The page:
Effective Radio Advertising Schedules

“I hear you on the radio all the time!” That’s when you know you have a good radio schedule.

There are 3 key components to an effective radio schedule:

  1. Targeted Reach- you want to reach as many of your prospective customers as possible.
  2. Frequency- repetition, repetition, repetition. You want them to hear your message over and over again so they hear it, understand it and take action. Research shows that an average consumer needs to hear your ad at least 3 to 4 times during the course of a week to process the information they hear and respond to it.
  3. Duration- don’t expect miracles to happen overnight, within a week, or even a month. It takes a commitment of three to four months for your advertising to reach maximum impact. When you get it there, you want to sustain it. See the Buyers Awareness Cycle for more information on this.

Assuming you’ve found the right radio station that reaches your target customer, here are some tips on achieving a good frequency.

The Ideal Schedule
If you have the budget for it, ask your AE to provide you with a schedule that distributes spots throughout all of the stations dayparts (morning drive, mid-day, afternoon drive, nights and weekends) throughout the week at a Frequency of 4.

This doesn’t mean you’re going to run 4 spots per week. Most stations use a software program with data provided by Arbitron that measures the average length of time their listeners tune in and out of their station. It calculates the amount of spots needed so their average listener will hear your ad 4 times.

The frequency goal used to be 3, but in this modern age of technology, we are so bombarded with messages that we need a frequency of 4 to cut through the clutter and grab someone’s attention.

When you get a proposal back with the cost of this schedule and you haven’t suffered a heart attack from sticker shock, then great. Run that schedule every other week for the rest of the year. If you have money left in your budget, go through the same process and buy your next radio station the same way. You can alternate weeks, unless you’re running a time sensitive promotion, like a sale.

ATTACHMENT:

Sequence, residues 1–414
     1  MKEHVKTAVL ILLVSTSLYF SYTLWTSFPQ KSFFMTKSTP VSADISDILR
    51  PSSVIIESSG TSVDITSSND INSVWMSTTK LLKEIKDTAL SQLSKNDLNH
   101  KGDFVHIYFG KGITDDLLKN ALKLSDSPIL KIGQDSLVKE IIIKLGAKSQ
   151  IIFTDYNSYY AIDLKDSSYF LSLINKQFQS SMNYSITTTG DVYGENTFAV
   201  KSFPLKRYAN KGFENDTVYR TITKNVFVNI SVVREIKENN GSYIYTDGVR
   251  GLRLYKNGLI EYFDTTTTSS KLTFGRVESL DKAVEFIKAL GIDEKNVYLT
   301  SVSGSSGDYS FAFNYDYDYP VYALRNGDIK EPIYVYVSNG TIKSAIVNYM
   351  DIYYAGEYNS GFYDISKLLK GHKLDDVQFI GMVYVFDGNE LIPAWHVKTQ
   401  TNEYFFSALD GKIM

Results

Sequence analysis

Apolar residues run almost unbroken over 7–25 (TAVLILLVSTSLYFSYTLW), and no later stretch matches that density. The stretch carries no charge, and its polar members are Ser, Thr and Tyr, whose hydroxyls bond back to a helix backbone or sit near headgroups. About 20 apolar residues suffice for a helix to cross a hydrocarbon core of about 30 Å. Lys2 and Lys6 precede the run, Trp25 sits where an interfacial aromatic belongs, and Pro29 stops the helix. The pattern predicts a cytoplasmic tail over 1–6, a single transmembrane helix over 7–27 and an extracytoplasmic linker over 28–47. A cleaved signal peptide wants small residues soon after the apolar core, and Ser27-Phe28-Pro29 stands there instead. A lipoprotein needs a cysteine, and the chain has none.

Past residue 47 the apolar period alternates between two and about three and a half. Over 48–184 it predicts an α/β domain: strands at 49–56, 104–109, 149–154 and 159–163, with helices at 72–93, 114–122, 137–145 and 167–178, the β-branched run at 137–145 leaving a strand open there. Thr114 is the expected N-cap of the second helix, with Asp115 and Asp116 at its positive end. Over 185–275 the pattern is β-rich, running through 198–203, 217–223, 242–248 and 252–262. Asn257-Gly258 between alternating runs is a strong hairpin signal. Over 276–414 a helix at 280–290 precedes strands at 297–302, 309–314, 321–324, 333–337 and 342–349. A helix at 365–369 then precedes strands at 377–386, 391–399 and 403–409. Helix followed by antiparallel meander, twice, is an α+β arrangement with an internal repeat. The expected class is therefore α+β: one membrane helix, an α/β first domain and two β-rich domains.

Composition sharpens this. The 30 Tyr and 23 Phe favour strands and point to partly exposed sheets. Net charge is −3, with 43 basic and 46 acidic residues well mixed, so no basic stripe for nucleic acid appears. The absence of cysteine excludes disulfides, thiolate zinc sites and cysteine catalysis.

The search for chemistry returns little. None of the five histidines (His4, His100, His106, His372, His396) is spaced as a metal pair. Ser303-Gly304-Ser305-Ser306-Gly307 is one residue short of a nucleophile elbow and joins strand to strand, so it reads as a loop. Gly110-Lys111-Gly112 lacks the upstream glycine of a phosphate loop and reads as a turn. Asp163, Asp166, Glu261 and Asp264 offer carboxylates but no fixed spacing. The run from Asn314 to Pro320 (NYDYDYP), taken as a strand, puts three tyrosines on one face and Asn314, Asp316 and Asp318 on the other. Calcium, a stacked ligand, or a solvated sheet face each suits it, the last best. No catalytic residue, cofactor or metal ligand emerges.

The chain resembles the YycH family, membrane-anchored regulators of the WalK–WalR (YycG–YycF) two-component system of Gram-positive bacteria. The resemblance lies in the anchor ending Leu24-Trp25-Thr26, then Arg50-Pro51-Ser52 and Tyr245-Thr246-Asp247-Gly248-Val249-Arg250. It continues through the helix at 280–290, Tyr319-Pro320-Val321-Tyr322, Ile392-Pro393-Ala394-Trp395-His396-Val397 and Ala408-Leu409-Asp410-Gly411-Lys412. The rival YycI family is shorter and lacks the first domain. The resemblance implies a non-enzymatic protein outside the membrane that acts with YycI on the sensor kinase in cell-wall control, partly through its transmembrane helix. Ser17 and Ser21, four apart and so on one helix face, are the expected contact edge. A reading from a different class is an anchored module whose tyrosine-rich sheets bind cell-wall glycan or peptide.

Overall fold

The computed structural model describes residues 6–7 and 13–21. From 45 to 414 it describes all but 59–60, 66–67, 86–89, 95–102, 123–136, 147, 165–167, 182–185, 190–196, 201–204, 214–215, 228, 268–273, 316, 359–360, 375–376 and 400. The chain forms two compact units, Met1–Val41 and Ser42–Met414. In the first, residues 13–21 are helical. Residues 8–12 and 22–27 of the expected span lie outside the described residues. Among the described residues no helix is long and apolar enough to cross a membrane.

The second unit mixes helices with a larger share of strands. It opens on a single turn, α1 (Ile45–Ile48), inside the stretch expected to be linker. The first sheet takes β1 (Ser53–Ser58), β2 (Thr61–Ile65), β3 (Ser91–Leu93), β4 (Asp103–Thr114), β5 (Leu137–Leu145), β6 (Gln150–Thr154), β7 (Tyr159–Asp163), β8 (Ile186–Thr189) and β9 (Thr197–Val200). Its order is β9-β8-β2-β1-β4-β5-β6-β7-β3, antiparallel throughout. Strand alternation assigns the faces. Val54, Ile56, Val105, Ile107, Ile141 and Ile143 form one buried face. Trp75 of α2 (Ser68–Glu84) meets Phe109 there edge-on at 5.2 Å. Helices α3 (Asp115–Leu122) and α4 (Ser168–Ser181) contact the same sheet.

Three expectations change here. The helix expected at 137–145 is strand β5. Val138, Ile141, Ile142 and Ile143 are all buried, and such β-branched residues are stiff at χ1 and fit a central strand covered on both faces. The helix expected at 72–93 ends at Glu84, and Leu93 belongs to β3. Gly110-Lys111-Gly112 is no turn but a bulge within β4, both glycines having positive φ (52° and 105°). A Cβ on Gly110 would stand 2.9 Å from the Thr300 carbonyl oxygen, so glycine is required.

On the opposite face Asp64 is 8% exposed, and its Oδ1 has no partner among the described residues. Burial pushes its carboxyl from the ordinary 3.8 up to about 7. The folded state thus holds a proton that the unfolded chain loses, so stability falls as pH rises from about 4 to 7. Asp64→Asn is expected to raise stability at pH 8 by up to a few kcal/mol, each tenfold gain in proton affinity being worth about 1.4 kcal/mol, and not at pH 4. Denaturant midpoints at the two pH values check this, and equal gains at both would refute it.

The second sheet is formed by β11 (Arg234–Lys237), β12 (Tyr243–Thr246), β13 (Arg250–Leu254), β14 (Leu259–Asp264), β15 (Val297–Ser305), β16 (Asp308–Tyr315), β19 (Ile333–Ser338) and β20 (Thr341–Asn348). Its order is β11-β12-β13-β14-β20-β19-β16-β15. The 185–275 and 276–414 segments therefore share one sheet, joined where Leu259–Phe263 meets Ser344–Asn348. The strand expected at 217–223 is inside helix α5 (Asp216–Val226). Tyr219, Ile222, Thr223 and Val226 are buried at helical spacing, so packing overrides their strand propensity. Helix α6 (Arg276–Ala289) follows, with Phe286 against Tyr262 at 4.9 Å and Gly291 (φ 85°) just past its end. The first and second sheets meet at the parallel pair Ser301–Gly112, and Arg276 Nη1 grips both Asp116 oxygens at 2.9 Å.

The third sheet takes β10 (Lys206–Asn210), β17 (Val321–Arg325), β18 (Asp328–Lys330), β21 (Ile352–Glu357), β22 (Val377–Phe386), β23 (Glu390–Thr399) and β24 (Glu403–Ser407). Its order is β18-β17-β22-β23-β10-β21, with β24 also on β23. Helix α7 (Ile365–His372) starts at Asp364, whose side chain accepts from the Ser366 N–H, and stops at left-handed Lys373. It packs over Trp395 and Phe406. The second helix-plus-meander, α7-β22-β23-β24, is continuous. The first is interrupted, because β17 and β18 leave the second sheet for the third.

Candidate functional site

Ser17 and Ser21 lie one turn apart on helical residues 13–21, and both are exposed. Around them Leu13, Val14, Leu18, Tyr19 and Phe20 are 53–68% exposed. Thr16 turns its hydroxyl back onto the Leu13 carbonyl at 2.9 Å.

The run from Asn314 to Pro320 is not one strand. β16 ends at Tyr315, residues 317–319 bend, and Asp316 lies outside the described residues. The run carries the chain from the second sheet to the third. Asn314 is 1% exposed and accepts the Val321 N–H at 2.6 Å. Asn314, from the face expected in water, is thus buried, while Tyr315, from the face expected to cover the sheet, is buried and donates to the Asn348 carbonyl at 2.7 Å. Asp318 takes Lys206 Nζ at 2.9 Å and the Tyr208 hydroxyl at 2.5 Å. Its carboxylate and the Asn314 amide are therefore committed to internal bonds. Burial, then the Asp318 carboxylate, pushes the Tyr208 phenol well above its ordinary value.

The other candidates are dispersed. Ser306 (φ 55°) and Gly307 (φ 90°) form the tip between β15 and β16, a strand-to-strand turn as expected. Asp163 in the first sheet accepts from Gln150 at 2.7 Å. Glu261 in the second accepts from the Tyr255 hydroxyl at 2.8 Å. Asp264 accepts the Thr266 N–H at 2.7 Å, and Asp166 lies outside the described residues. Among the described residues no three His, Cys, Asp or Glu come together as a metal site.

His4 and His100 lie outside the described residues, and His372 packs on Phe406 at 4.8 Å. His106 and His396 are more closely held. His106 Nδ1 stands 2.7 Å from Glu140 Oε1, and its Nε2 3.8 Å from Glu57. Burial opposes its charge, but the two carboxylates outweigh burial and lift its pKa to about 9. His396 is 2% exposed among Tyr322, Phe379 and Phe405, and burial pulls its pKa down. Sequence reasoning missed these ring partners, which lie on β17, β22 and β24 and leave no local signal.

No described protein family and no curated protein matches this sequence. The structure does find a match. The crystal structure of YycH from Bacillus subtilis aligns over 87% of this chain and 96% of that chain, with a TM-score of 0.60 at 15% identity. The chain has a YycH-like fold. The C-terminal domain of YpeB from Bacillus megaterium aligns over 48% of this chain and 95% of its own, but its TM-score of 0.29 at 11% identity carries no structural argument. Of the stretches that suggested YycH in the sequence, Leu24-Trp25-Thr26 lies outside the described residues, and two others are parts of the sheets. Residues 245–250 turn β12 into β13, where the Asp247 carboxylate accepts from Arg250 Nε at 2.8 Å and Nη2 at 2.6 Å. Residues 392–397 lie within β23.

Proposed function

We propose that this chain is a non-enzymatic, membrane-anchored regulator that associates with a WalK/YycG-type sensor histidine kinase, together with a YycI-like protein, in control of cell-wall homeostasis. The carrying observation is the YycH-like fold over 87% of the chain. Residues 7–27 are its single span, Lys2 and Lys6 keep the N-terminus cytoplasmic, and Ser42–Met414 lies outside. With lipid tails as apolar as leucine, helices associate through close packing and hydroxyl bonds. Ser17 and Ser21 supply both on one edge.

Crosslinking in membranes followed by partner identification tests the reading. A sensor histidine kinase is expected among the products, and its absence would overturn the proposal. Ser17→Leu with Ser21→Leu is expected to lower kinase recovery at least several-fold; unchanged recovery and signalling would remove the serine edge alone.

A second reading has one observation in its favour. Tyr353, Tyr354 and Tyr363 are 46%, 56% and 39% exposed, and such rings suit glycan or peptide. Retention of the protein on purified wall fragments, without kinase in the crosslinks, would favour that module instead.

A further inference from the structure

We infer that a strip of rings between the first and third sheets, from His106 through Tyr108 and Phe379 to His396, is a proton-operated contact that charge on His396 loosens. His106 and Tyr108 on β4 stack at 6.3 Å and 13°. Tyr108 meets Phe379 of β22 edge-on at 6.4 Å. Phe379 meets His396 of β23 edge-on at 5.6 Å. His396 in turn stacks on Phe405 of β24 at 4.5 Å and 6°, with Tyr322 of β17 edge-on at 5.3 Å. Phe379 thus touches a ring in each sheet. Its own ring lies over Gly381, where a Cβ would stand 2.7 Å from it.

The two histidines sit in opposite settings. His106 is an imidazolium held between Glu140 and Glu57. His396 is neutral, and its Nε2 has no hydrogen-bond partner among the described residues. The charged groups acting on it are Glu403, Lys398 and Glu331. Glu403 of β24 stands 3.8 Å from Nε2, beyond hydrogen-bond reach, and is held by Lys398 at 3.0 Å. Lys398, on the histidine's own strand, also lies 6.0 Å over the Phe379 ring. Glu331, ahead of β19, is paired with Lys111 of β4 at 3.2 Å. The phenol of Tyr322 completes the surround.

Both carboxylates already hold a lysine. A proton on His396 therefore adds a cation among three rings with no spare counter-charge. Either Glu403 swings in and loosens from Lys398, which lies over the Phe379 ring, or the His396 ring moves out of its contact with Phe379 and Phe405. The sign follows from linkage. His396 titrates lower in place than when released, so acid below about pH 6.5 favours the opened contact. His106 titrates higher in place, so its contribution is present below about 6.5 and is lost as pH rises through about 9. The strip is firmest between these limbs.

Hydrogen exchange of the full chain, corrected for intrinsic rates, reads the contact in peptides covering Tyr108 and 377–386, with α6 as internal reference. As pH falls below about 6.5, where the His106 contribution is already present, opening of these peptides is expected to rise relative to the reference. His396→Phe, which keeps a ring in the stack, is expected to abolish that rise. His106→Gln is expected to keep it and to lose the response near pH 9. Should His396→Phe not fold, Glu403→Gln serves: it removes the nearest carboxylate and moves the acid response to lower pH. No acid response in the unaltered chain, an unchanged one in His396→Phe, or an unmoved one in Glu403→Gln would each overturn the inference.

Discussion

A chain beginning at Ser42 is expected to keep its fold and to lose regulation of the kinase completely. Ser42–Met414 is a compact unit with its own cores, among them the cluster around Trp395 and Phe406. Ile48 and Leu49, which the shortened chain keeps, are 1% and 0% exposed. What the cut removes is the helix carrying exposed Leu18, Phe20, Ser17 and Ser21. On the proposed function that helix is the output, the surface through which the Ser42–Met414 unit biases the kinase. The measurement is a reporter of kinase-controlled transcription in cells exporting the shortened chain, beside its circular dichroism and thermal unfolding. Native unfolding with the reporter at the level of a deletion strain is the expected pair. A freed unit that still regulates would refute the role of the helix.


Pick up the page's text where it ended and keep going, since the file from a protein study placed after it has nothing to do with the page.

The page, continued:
If you’re experiencing chest pains from sticker shock, read on…

radio advertising schedule

Own A Daypart
If you can’t afford to reach every listener on a station, it’s better to achieve frequency by reaching a sub-group. Select a daypart that’s affordable and buy at least 2-3 spots per day, every day.

This method takes a little longer to work and requires a bit of patience on your part, but it does work. Duration is key here. What is a daypart? View our daypart chart.

Own Part of the Week
Radio stations tend to sell most of their inventory with spots that run towards the latter half of the work week- Wednesday through Friday. Because there’s a high demand for those days, they charge higher rates. That leaves the weekend, Monday and Tuesday more open. Negotiate a great deal by requesting those days of the week for your schedule.

Generally, radio listening tends to drop on the weekend so rates tend to be priced accordingly. But radio listening is about the same on Monday and Tuesday as it is Wednesday through Friday. So, if you’re not advertising a fire sale that’s happening over the weekend, you can typically get 25% off spots that run Monday and Tuesday, especially if you commit to a long term contract, which you ought to do to get results.

At the very minimum, you need to run 8 spots per day to make this schedule effective–2 spots per daypart (morning, mid-day, afternoon, and nights). Running 3 spots per daypart, or 12 spots per day is ideal, if you can afford to run this every week for a long duration.